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Astronomical observation - witnessing the distant past

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  • Todd S. Greene
    Excerpt from: http://www.sciencedaily.com/releases/2008/04/080404201105.htm Due to the finite speed of light, these observations allow astronomers to look
    Message 1 of 1 , Apr 30, 2008
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      Excerpt from:

      "Due to the finite speed of light, these observations allow
      astronomers to look back in time over 10 billion years...."

      So many young earth creationists in the rhetoric that they use not
      only seem to show that they are not even aware of the basic fact that
      astronomical observation is literally witnessing the past, but when
      you point it out to them they seem to be incapable of comprehending
      this basic fact. Not all of them, just a great many of them. (For
      those who fail to comprehend science, the "I'm going to believe what I
      believe regardless of the scientific facts" syndrome is very strong.)
      This is just another example of how pervasive adherence to a belief in
      young earth creationism is based not just on religious belief and
      scientific illiteracy, but the scientific illiteracy itself is a
      symptom of the incompetence in comprehending basic concepts about the
      physical features and processes of the real world.

      One of the many verbal tricks (word games) that young earth
      creationists love to use in their rhetoric is the rhetorical question:
      "How do you know the world was around millions of years ago? Were you

      In the context of astronomical observation, because of the very nature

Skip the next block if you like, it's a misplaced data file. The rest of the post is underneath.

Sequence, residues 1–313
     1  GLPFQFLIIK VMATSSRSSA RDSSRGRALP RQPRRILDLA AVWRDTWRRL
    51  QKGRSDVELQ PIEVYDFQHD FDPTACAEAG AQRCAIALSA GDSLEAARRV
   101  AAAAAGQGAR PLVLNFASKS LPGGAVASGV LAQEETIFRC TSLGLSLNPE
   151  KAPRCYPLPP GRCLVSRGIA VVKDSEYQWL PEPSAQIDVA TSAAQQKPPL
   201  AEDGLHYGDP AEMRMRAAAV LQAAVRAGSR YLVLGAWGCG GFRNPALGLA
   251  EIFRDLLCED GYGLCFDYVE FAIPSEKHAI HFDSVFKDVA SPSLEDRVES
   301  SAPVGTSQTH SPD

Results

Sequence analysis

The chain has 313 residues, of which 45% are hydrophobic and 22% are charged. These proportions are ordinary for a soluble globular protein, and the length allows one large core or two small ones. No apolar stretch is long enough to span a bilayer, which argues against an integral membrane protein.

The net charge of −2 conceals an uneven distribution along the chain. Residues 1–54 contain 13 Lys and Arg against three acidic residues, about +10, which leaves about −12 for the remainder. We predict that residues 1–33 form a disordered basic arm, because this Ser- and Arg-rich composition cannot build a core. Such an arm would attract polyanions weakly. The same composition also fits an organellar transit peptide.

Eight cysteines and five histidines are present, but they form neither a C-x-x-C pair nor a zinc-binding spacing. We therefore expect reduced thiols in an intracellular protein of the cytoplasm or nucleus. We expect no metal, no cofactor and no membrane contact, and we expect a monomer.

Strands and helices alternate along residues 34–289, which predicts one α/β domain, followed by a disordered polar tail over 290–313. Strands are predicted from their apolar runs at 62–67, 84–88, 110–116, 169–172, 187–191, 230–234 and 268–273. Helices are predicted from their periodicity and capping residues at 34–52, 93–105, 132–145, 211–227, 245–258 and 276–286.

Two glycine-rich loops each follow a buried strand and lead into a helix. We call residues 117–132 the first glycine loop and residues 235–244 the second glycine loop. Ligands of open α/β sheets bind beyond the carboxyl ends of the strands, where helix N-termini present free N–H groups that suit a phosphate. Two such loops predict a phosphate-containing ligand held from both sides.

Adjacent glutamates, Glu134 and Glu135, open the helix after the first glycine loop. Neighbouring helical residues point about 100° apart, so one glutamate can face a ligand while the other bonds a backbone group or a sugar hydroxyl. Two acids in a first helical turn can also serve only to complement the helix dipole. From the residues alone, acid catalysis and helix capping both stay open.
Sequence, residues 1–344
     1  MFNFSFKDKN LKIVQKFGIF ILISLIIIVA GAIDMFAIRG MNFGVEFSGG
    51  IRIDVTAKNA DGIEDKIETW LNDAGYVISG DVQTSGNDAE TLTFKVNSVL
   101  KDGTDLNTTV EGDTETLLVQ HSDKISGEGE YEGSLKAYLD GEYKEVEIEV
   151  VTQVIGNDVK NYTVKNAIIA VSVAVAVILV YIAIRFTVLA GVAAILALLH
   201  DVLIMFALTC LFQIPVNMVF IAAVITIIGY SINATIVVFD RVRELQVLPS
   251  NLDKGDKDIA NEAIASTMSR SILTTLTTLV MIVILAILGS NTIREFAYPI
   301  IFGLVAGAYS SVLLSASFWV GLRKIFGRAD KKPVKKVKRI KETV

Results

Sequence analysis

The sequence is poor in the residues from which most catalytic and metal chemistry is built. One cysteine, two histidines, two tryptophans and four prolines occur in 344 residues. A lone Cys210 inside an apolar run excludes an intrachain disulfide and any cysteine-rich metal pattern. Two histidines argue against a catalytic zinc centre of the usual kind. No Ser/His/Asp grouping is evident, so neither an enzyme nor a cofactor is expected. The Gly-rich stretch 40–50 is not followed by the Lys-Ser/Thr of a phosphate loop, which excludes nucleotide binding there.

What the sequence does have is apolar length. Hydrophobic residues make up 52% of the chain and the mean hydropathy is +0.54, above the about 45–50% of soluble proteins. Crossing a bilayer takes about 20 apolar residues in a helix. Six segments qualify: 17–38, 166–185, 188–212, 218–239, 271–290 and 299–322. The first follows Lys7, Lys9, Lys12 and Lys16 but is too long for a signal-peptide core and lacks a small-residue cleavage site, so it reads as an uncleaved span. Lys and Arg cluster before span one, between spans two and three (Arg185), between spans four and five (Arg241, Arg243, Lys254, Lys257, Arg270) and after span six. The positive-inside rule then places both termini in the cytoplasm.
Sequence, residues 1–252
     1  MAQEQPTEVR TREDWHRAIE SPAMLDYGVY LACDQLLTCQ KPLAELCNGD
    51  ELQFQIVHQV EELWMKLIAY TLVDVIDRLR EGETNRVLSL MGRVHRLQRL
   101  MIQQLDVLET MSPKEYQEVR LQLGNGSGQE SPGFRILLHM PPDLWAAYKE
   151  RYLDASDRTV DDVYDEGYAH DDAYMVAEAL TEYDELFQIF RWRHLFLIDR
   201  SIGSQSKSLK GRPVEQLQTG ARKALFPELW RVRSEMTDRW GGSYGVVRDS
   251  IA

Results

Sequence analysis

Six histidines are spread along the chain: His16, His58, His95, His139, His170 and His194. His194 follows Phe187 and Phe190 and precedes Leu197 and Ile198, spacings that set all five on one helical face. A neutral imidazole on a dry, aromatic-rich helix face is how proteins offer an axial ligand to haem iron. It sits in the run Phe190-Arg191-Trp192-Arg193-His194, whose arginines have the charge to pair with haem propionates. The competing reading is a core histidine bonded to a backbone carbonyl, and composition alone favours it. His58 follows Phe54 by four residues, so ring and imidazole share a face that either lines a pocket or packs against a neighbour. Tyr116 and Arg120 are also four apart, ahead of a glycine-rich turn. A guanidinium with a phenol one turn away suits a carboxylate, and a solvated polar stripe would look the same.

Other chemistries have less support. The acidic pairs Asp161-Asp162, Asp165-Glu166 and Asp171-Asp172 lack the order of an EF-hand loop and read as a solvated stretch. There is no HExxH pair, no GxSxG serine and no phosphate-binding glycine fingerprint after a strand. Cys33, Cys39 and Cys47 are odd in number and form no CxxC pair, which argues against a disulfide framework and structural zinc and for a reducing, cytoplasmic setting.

of what it is, the answer to this question is, "Yes, we are there in
      the past, but strictly through observation alone, because by
      astronomical observation we are literally witnessing events that took
      place in the distant past."

      - Todd Greene


      Witnessing the Formation of Distant Galaxies
      by Anita Heward
      (Royal Astronomical Society, 4/4/2008)

      UK astronomers have produced the most sensitive infrared map of the
      distant Universe ever undertaken. Combining data over a period of
      three years, they have produced an image containing over 100,000
      galaxies over an area four times the size of the full Moon. Some of
      the first results from this project will be presented by Dr Sebastien
      Foucaud from the University of Nottingham on Friday 4th April at the
      RAS National Astronomy Meeting in Belfast.

      Due to the finite speed of light, these observations allow astronomers
      to look back in time over 10 billion years, producing images of
      galaxies in the Universe's infancy. The image is so large and so deep
      that thousands of galaxies can be studied at these early epochs for
      the first time. By observing in the infrared, astronomers can now peer
      further back in time, since light from the most distant galaxies is
      shifted towards redder wavelengths as it travels through the expanding

      "I would compare these observations to the ice cores drilled deep into
      the Antarctic," said Dr Foucaud. "Just as they allow us to peer back
      in time, our ultra-deep image allows us to look back and observe
      galaxies evolving at different stages in cosmic history, all the way
      back to just 1 billion years after the Big Bang".
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